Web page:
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Hash Printing reveals Hash Memory Location

by perlStuck (Sexton)
on Feb 03, 2012 at 00:54 UTC ( #951570=perlquestion: print w/ replies, xml ) Need Help??
perlStuck has asked for the wisdom of the Perl Monks concerning the following question:

Hey there! Currently, I'm having troubles with Perl printing the memory location of a hash when I feel that I haven't given it sufficient cause to do so. This is a word processing tool that I'm making for myself to help in the study of foreign languages. I'm reading in English words and their foreign (in my case, German) equivalent, and storing them in a hash. When one iterates over the hash, however, Perl decides that I'm telling it to print out the hashes memory location as well as all the elements of the hash I have purposefully put in there. It's interesting to note that the hashes memory location does not receive a 'tag' from the hash_processor subroutine. Any help would be greatly appreciated.

sub add_words::main () { my %words = {}; my $english; my $foreign; until ('1' == '0') { print "Enter English: "; chomp($english = <STDIN>); print "Enter German: "; chomp($foreign = <STDIN>); if (($english && $foreign) eq '-1') { last; } ($english, $foreign) = &hash_processor::function($english, $foreign +, '0'); $words{$english} = $foreign; } foreach my $word (sort keys %words) { # First output is description of hash's mem location, and I DON'T K +NOW WHY. print "$word ==> $words{$word}\n"; } } sub hash_processor::function () { my ($english, $foreign, $process) = @_; if ($process == '0') { $english = "$english" . "$hash_processor::tag_count"; $foreign = "$foreign" . "$hash_processor::tag_count"; } $hash_processor::tag_count++; return ($english, $foreign); }

Output is something like:

HASH(0x950c5e6) ==> word ==> Wort two words ==> zwei Woerter etc. ==> usw.

Comment on Hash Printing reveals Hash Memory Location
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Re: Hash Printing reveals Hash Memory Location
by tobyink (Abbot) on Feb 03, 2012 at 01:04 UTC

    You have:

    my %words = {};

    You want:

    my %words = ();

    Or better yet:

    my %words;

    Essentially in that first line, you're adding an entry to the hash where the key is a reference to an anonymous second hash, and the value is undefined. Because you can't use references as hash keys, the reference is stringified (which looks like a memory location).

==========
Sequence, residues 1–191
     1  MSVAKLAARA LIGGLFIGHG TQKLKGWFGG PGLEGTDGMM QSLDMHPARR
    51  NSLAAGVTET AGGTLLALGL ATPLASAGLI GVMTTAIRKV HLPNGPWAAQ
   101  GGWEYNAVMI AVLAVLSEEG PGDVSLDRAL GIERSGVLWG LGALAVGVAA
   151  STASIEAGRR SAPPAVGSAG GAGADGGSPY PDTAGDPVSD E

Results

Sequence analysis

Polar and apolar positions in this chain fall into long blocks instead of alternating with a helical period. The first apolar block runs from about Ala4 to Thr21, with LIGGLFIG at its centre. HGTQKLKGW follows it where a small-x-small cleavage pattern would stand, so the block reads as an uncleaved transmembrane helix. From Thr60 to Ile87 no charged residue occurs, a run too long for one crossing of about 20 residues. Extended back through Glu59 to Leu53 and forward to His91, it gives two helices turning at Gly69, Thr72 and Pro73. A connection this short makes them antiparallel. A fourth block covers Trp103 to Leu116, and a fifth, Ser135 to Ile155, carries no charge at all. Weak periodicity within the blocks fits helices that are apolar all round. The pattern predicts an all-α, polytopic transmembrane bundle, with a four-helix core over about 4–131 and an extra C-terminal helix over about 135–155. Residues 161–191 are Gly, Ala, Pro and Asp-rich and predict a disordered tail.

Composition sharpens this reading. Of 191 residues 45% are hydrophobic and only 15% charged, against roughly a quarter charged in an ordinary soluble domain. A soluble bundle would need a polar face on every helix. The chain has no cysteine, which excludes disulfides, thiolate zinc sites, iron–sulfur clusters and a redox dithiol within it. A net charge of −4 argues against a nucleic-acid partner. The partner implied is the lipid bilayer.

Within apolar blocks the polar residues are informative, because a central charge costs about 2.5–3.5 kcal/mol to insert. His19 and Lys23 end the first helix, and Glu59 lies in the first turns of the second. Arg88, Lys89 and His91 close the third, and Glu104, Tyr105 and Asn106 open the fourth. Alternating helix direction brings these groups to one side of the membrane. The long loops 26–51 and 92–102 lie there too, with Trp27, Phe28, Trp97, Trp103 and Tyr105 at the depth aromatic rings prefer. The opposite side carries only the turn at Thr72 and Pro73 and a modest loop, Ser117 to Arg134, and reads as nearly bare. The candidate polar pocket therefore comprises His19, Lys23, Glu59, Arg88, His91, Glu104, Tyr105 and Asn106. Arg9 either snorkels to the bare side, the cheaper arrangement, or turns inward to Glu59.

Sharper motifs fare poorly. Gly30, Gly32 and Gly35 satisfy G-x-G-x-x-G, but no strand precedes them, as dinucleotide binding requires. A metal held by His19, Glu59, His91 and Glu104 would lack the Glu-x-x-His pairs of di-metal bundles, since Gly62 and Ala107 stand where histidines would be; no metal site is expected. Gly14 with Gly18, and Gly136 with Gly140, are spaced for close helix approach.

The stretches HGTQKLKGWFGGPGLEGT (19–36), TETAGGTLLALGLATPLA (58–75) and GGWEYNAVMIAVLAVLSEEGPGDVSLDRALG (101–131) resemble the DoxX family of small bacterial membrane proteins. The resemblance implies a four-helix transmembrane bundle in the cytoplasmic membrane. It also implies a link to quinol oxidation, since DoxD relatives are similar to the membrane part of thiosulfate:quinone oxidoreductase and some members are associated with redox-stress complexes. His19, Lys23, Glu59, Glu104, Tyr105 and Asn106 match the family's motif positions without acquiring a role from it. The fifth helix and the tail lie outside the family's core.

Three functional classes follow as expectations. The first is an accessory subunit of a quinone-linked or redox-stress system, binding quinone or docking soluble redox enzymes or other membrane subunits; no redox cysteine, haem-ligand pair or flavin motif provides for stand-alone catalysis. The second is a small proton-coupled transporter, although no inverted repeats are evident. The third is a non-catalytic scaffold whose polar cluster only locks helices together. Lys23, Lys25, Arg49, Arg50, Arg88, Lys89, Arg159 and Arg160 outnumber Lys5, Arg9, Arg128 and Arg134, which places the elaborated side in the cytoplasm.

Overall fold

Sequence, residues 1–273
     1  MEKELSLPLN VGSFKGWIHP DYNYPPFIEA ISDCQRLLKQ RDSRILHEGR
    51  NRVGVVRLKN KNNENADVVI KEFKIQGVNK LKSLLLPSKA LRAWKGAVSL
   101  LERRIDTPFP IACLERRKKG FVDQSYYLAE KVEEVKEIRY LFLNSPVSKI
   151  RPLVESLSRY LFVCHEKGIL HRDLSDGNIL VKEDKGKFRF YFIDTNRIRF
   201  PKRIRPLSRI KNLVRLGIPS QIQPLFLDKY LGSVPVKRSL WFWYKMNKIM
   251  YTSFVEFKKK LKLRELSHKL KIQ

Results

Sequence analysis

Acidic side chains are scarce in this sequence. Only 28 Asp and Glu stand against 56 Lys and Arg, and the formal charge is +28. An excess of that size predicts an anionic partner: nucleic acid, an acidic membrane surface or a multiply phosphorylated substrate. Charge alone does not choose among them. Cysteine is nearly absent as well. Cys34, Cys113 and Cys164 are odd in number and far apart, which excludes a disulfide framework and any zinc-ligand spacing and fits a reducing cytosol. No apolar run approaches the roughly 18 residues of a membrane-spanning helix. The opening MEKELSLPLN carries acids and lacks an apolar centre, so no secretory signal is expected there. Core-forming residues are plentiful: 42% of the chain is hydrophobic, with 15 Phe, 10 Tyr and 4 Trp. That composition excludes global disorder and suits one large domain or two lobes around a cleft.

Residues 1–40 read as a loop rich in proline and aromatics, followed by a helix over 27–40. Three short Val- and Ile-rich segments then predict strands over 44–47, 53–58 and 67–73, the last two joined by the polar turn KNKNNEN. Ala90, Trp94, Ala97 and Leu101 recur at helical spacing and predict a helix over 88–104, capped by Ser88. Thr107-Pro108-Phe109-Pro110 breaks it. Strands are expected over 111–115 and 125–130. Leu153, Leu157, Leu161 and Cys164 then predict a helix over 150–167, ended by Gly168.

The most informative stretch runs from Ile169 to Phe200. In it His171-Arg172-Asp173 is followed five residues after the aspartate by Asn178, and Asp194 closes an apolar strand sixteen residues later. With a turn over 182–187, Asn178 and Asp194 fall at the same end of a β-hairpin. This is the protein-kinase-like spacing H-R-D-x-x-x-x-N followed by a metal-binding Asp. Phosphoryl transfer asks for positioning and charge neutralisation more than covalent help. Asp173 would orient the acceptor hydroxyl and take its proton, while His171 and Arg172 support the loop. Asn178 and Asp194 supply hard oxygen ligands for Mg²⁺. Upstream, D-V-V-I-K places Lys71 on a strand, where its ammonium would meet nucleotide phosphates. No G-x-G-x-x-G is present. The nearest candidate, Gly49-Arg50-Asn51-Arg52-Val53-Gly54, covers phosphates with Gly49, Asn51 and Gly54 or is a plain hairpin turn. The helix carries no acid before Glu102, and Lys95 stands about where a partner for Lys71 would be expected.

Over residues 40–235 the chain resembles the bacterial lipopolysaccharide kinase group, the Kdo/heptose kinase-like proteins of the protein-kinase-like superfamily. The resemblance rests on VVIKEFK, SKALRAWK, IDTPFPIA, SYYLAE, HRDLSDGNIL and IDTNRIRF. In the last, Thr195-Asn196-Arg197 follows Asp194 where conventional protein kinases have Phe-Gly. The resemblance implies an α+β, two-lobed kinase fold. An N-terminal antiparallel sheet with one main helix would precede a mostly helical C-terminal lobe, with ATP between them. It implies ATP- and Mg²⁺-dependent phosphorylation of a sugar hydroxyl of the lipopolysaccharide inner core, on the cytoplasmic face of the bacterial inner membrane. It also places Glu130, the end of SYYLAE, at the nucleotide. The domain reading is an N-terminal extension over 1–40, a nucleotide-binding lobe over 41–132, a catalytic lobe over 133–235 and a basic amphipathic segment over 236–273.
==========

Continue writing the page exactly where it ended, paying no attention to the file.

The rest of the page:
In other words, my %words = {}; is basically a shorthand for:

    my %words; my $ref_to_anon_hash = {}; $words{ $ref_to_anon_hash } = undef;

      Ah. Thank you!

Re: Hash Printing reveals Hash Memory Location
by kejohm (Hermit) on Feb 03, 2012 at 01:55 UTC

    In addition to tobyink's post above, I would suggest using strict and warnings in your code. This will ensure that Perl will warn you about any dubious constructs in your code. For instance, the line my %words = {}; would have resulted in the message Odd number of elements in hash assignment. These messages can be quite useful and often point you in the right direction if your code isn't behaving as expected. The perldiag manpage can be used to look up the meanings of the messages and the diagnostics pragma can be used to print out the more verbose messages from perldiag.

Re: Hash Printing reveals Hash Memory Location
by jwkrahn (Monsignor) on Feb 03, 2012 at 03:51 UTC
    if (($english && $foreign) eq '-1') {

    The expression $english && $foreign will evaluate to either true (1) or false ("") but will never be equal to '-1'.



    sub hash_processor::function () { my ($english, $foreign, $process) = @_;

    Your prototype says that the subroutine accepts no arguments but the next line says that your subroutine does accept three arguments.    You shouldn't use prototypes.

    You are using package names but I don't see where you are creating a package namespace.



    if ($process == '0') {

    That is usually written as $process == 0 or $process eq '0' depending on whether $process contains a string or a number.



    $english = "$english" . "$hash_processor::tag_count"; $foreign = "$foreign" . "$hash_processor::tag_count";

    That is usually written as:

    $english .= $hash_processor::tag_count; $foreign .= $hash_processor::tag_count;

      The expression $english && $foreign will evaluate to either true (1) or false ("") but will never be equal to '-1'.

      Wrong. The "&&" operator doesn't return 1 or "". It returns the expression on the right side of "&&" if and only if both expressions are true.

      use 5.010; my $english = 'foobar'; my $foreign = -1; say ($english && $foreign); # says "-1" say ($foreign && $english); # says "foobar"
        It returns the expression on the right side of "&&" if and only if both expressions are true.
        It returns the expression on the right side if the expression on the left side is true.
        $ perl -E 'say "Yes" if "Foo" && 0 eq 0' # says "Yes" $ perl -E 'say "Yes" if "Foo" && "" eq ""' # says "Yes" $ perl -E 'say "Yes" if "Foo" && 0 eq ""' # Nothing

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